It was a labour-intensive world, the world of high society. If you were going to visit the 11th Duke of Bedford at his seat, the `town car' - with footman as well as chauffeur - would take you as far as Hendon. You would not travel with your luggage; that would come behind, in another car, with its own chauffeur and footman. At Hendon you would change over to the country car; your suitcase would follow you, in similar state. So four vehicles and eight men were required to move a socialite from London to Woburn.
The rigid, hierarchical world of servants reflected the world above stairs. At the turn of the century, various rich American brides boosted the fortunes of English landowners; they found it particularly difficult to understand or control their menials. Mary Curzon wrote: English servants are fiends. They are malignant and stupid and make life scarcely worth living.
Grown men, too, were at the mercy of underlings. The unwritten rules were so many and so complex that remembering them had to be delegated. The Marquess of Salisbury, when Prime Minister, tried to dress for a Court 'Drawing Room' without the help of his valet. He appeared in the wrong kind of hose, his Garter misplaced, and in an 'incongruous hat'. The Prince of Wales may have been, as Henry James said, 'an arch vulgarian', but he was a stick- ler for correctness in matters of dress. The Duchess of Marlborough got into trouble when she turned up to supper with the Prince and Princess of Wales wearing a mere 'diamond crescent' in her hair. She had to explain that she had been delayed in the country, and that when she arrived at the bank where she kept her tiara, it was closed. Clearly no one had thought to develop a hole-in-the-wall tiara facility. And here it strikes one that Pamela Horn must be an equable scholar, as well as a thorough one. Many an author would lose her temper with the sheer awful, gawping, tyrannical stupidity of these people, who like some primitive painted tribe cannot break bread together without the correct feathers and gewgaws in their hair; whose vital pleasure lies in slaughtering creatures even lower. They seem denser than the Bourbons, and as ripe for bloodletting. The author has a cool, trained eye; in her even- handed fashion, she relates what amuses, and what appalls.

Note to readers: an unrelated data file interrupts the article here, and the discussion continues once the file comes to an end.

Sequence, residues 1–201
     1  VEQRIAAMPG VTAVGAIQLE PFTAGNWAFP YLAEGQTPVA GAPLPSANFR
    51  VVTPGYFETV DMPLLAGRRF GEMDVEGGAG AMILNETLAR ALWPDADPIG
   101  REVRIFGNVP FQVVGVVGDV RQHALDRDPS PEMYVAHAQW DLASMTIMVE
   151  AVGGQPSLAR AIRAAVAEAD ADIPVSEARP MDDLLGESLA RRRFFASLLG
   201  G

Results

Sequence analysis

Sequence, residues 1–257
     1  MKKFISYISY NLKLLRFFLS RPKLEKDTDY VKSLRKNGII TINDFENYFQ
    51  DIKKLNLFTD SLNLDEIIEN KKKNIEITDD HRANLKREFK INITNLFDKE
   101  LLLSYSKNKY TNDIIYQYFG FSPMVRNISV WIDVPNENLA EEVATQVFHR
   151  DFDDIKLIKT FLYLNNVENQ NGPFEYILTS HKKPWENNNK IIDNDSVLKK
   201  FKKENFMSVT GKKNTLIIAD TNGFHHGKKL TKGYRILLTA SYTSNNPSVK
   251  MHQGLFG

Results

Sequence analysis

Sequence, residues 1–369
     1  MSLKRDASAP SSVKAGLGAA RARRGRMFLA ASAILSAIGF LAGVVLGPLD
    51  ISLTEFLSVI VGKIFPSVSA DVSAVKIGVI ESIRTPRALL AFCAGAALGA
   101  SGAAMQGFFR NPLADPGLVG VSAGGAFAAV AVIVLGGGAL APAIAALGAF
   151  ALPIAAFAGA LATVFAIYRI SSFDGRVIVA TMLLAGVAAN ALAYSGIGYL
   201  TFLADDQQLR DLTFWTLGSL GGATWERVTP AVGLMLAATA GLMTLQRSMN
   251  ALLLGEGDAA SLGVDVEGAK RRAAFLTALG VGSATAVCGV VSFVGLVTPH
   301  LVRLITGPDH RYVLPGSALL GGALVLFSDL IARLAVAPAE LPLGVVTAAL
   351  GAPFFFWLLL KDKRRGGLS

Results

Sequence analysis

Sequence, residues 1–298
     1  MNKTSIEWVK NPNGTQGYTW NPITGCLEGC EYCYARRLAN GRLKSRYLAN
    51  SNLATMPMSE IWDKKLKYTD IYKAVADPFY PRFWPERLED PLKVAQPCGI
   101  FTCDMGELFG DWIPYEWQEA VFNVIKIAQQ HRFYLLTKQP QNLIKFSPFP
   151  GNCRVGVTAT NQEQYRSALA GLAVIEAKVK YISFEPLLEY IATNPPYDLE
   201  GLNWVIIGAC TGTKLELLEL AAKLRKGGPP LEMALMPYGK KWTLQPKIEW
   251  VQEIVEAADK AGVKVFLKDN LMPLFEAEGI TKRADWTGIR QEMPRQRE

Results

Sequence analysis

It is clear from Pamela Horn's first, somewhat uneasy, chapter that almost any assertion made about her topic can be con- tradicted by reference to some other source. The rich were getting poorer; yes, but . . . Agriculture was depressed; yes, but . . . It is not easy for historians to be stylish if they are determined to quibble, to eschew the grand generalisation. Pamela Horn does not impose an analysis, and so some people (not me) may fault her; the general reader looks for impressed shape and form, but here he must be satisfied with evidence. It is true that there are times when the author seems to plod, but perhaps that is because her unpretentious books are built to last. What seems obvious now, hardly worth stating, may not be so obvious in 50 years' time; her examples, statistics, tables will still be of value then, and so the body of her text must reach out to future readers who do not share our assumptions. What her final chapters show clearly is how a world of certainties was giving way. The conflict with the Boers - which seemed likely to be brief and end in glory - confused and demoralised young people. Susan Grosvenor writes: Our history books had played down our failures, so that our past seemed one long success-story . . . we felt the world had altered and we could not understand the significance of our defeats in South Africa.
In 1908 a Mr Marsh, a member of Brooks's, had bet a Mr Somerset that `there will not be war between any two great European powers within 20 years'. That was ten guineas thrown away. A year later, Lloyd George asked: 'Who made ten thousand people owners of the soil, and the rest of us trespassers in the land of our birth?' It's true, it seems, that the 1914 `Season' was the most brilliant of all. Pamela Horn does not labour her point, but she doesn't need to; we feel on our necks the hot breath of the new dispensa- tion. Just after the Great War, she tells us, perhaps a quarter of the land of England changed hands.